As 18-year-old Texan Karlie Hay celebrated being crowned Miss Teen USA 2016 last Saturday, social media users began circulating tweets containing the N-word that were linked to an account bearing her name. The offending tweets were posted in 2013 and 2014.
That Twitter account is now private and locked, but Hay issued an apology early Sunday morning on her public Miss Texas Teen Twitter account – although her statement didn’t specifically acknowledge the racial slurs.
“A few years ago, I used language that is inexcusable, and I sincerely apologize for my actions,” Hay wrote. “At the time, due to a number of personal struggles, I was in a place that is not representative of who I am now.
“Through hard work, education, maturity and thanks in large part to the sisterhood that I have come to know through pageants, I am proud to say that I am today a better person. I am honored to hold this title and I will use the Miss Teen USA platform to promote messages of confidence, inclusion and perseverance.”
This did not admit the direct question — did she use those words on social media?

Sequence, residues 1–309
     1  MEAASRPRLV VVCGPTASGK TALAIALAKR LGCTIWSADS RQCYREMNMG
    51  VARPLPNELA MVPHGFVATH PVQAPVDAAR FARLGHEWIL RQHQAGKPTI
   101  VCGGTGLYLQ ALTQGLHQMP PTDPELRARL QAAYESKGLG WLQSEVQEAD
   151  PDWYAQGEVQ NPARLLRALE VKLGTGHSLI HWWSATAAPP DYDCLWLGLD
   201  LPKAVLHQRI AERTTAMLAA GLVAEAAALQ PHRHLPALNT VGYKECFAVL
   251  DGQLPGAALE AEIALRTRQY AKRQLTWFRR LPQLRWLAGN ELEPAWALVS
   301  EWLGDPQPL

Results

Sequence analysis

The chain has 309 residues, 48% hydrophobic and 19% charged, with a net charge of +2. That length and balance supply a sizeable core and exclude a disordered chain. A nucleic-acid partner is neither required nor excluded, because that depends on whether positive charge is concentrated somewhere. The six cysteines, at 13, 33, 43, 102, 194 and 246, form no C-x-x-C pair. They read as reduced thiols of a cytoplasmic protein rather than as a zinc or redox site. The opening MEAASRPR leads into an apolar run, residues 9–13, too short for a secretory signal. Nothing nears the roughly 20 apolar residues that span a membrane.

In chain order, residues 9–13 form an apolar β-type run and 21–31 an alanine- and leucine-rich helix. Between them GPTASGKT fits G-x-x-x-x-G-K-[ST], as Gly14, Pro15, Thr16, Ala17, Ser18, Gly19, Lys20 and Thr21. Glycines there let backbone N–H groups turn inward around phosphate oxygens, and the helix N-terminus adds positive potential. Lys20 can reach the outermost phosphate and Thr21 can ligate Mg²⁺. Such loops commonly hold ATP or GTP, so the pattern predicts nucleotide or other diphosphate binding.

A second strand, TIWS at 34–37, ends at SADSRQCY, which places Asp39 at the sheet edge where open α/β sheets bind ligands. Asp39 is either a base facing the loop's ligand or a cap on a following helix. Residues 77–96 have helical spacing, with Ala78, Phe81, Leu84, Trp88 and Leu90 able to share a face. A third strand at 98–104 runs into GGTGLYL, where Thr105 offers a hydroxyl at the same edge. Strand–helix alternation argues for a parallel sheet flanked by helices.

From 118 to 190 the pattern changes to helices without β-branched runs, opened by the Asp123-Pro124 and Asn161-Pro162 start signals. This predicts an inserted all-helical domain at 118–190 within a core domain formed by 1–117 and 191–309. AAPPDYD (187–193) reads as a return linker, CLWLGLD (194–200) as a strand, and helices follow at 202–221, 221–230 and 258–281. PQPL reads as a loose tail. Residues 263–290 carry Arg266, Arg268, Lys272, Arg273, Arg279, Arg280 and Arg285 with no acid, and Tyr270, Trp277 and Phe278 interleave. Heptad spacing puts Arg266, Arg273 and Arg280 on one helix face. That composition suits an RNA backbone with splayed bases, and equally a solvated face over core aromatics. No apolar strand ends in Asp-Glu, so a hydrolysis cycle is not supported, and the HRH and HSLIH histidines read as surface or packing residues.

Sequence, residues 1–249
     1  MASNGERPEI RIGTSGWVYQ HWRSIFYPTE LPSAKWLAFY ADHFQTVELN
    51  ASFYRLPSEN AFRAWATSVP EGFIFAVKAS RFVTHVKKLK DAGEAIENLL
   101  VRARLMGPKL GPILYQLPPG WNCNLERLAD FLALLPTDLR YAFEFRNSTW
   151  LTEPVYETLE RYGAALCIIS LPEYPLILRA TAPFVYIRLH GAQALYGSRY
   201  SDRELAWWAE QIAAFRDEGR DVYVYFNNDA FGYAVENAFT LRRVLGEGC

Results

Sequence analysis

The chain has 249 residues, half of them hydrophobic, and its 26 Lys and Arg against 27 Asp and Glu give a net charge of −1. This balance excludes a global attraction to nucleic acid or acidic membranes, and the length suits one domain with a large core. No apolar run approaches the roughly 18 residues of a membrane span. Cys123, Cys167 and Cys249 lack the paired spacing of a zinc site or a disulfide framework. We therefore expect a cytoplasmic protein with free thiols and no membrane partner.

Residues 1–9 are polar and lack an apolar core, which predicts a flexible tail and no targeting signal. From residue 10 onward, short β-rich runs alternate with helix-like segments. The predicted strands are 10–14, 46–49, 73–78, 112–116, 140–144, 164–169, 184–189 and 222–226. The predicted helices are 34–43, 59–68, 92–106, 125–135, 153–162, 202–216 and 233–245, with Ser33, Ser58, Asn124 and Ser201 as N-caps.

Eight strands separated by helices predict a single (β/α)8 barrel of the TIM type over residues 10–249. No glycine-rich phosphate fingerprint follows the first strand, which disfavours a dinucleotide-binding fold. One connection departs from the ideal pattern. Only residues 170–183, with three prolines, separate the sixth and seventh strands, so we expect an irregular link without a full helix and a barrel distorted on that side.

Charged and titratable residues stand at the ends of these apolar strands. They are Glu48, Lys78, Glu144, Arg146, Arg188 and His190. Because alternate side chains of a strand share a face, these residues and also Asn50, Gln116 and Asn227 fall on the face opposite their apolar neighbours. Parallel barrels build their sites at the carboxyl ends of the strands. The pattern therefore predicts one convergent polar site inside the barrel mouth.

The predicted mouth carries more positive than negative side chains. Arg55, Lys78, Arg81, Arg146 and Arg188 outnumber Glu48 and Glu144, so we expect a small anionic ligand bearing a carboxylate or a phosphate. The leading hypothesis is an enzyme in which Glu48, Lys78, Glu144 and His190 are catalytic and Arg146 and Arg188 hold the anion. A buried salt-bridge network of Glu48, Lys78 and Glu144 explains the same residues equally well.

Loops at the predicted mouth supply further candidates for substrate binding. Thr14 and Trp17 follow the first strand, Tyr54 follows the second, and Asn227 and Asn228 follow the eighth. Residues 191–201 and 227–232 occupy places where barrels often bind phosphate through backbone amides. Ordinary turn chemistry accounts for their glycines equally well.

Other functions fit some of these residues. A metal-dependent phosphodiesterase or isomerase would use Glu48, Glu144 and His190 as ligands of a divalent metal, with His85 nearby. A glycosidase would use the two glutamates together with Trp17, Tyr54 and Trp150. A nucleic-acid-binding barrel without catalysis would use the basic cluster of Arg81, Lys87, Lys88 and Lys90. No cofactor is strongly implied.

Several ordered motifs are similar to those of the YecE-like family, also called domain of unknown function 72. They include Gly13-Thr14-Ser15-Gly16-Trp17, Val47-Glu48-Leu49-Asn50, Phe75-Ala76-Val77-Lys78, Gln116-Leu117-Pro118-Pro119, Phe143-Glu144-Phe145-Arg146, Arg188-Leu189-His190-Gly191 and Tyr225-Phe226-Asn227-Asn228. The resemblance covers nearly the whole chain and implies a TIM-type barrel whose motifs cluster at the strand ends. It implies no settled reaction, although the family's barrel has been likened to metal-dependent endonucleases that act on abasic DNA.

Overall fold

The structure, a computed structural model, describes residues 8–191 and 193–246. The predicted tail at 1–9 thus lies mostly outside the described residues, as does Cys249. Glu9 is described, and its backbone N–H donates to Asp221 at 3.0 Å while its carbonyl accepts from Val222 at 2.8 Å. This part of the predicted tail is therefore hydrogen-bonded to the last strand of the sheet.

The Miss Universe Organization responded to the backlash in a statement to ABC 13.
“As Karlie stated, she was in a different place in her life and made a serious mistake she regrets and for which she sincerely apologizes,” the statement read. The organization condemned Hay’s language but showed its support for Hay by saying it is “committed to supporting her continued growth.”
This did not satisfy those on social media, nor does it satisfy me.
Actions have consequences. Life lesson number one.
Also, the Internet never forgets. Life lesson number two for the modern times.
You want to be a role model for teens? Then you take the fall so at least THIS younger generation learns, Miss Hay.
Just give it to one of the other finalists. It’s not like anyone is going to tell the difference.